There will be a lot of situations in one’s Digital Project Management (DPM) career where it is not really clear what to do to solve a sticky situation. I sure know I made some mistakes and wish I handled things differently. I would’ve saved everyone a lot of trouble and time, haha. But nevertheless, I’m glad I can share this wisdom with you today!
In this series we will walk through some scenarios and how to solve them as a DPM. I encourage you to think about your own approach before continuing to the ways you can handle the situation. Enjoy Troubleshooting for digital projects: “Revision hell”.
A real classic. In this case, the client won’t stop giving feedback and you are in revision round #101. Things keep dragging on. Your team loses motivation, costs rise, the project delays and the quality of work actually declines after a few rounds.
The nasty thing here is that every time it seems like you are almost there. The client keeps saying “This is really the last thing and then we’re done!”. But every time something new comes up. Maybe a new insight, a new opinion, a new stakeholder is introduced or maybe they discover a mistake or bug. In any case, this is exhausting for everybody involved.
What you can do to prevent this
Preventing revision hell is actually very possible. It has a lot to do with setting great ground rules, managing your client’s expectations, facilitating great feedback, and being conscious throughout the whole project. Let’s dive in.
Setting ground rules & managing expectations
If X happens, what will we do? Setting ground rules on your collaboration with the team and the client is crucial. A lot of this starts in the sales phase. A few pointers:
- Most agencies have a standard list to put in their proposals and a more legal document (Terms & Conditions) that is more vague, but also handy. This is a great starting point.
- For example: I usually guarantee one round of revisions without any extra costs when working in a Waterfall project. If more revisions are necessary, this should be calculated as extra work.
- What is forgotten quite often is that the client should be (made) aware of the rules. He or she know what this actually means in practise. Sending it in a proposal without a conversation is usually not enough.
- Also, make sure you set rules on what to do if your deliverable has a flaw and you are responsible. Will you correct it without any cost? And what about a year after delivery? What about bugs that only happen in an Internet Explorer browser?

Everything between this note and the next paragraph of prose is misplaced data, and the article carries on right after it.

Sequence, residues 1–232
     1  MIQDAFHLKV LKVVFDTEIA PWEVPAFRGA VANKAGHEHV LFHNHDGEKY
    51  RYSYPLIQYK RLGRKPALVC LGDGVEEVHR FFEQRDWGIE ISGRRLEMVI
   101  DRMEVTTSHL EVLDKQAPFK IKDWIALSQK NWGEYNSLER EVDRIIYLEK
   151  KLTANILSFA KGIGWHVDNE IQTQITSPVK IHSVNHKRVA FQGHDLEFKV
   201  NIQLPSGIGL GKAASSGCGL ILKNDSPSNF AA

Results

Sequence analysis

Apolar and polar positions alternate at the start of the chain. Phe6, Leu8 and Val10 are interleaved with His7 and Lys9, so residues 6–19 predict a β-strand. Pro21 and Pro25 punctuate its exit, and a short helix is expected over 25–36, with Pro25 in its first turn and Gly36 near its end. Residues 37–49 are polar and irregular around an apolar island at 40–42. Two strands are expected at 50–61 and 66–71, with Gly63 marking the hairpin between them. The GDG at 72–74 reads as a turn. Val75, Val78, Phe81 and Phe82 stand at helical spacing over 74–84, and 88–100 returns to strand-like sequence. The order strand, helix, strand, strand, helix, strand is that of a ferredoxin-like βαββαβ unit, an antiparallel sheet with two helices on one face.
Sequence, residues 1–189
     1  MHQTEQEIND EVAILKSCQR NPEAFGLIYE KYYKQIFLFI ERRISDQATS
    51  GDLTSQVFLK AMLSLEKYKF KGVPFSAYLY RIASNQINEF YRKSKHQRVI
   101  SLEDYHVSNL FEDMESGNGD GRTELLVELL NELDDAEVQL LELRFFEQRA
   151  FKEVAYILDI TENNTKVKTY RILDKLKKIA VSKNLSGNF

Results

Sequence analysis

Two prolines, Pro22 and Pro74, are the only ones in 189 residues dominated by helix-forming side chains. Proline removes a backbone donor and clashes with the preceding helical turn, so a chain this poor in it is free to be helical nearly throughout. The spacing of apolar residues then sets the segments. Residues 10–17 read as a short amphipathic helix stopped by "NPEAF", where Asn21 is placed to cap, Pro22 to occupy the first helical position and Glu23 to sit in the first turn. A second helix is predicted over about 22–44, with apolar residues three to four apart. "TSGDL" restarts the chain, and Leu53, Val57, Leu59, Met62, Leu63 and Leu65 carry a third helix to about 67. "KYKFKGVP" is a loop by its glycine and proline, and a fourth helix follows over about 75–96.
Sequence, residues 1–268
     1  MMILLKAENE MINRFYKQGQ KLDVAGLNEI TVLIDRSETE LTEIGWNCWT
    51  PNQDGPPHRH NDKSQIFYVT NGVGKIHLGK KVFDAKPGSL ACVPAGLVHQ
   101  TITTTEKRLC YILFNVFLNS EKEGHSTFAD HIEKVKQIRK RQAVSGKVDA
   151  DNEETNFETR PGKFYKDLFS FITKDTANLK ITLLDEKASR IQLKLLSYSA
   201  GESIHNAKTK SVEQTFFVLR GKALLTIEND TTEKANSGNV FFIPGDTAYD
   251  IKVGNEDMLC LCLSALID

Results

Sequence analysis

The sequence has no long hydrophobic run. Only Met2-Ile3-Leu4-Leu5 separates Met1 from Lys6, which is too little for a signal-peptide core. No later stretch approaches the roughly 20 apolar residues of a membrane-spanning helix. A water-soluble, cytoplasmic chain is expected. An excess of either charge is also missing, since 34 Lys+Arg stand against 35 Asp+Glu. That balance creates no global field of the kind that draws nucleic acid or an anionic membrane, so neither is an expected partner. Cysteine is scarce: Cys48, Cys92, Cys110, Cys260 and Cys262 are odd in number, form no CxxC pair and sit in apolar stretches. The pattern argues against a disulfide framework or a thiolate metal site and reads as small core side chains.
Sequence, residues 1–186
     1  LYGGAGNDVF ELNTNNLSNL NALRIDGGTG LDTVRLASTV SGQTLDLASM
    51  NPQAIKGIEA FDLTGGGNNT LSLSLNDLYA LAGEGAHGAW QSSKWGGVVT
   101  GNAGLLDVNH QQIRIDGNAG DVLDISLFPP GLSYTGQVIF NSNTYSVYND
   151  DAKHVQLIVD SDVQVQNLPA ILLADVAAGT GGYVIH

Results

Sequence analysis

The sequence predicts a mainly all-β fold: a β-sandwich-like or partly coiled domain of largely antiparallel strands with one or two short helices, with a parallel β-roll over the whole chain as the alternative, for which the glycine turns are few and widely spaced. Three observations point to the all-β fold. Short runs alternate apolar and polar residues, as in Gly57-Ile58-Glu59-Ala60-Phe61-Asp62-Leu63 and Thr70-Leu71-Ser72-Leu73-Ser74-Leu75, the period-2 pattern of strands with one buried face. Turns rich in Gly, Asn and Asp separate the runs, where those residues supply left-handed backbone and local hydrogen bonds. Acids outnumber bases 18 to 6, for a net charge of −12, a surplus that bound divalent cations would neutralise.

Facilitate great feedback
- Make sure the client has the time and mind space to sit with a deliverable, get input from the organization, and sort things out. This way he/she has the chance to give you proper feedback to work with.
- Also, make sure the client knows when to give input.
- Let the client collect and review all relevant feedback from his or her colleagues before you get to work. Sometimes a client will give you the input in parts. Don’t start if it seems like the second part might be a game-changer. Let them sort it out internally and get their story straight before you spend valuable time processing it. Chances are, you prevent doing work that wasn’t necessary to begin with.
- Sometimes a client has trouble imagining something working in the real world. You will get feedback that is often positive, but superficial. You’ll miss out on input you will for sure get later in the project when things are further along. Use realistic mock-ups, sketches, prototypes, or other tools to make them envision your deliverable in the real world. The more visual, the better.
The last part in prevention is being conscious every step of the project.
- Familiarize yourself with what was promised in the sales phase or phases you didn’t attend. If something is out of wack, you might have to talk to the client and try to shift the situation. Maybe apply new rules or talk about a promise that was made on which you can’t deliver. Be transparent and try to tackle it before something goes wrong and emotions rise high.
- Pay close attention to your client’s body language, choice of words, and tone. Ask about any notable behavior. For example: “Hey, maybe I’m getting this all wrong… But do I see some doubt here?”
How you can end Revision hell
If you find yourself in revision hell right now, it’s going to be a little bit of a process to get out. Our goal here is to have a happy client, a happy team, minimal overrun, and a relatively fast delivery.
Get in a conversation with your product owner (or contact person on the client side). Explain the situation in as much transparency as you can. Keep in mind a win-win situation. Offer a solution. For example: finish the current round of revisions without extra costs, but the next ones are calculated per hour.
If things are tense, get a neutral third person on the table to act as a good or bad cop. Maybe that’s your account manager or the agency owner. This third person can be more direct and speak on behalf of the organization because he isn’t working with your client directly. This way, your working relationship doesn’t have to be influenced on a day-to-day basis.
That’s it for now. I hope you get something out of this! Please let me know in the comments or on the socials what you would do.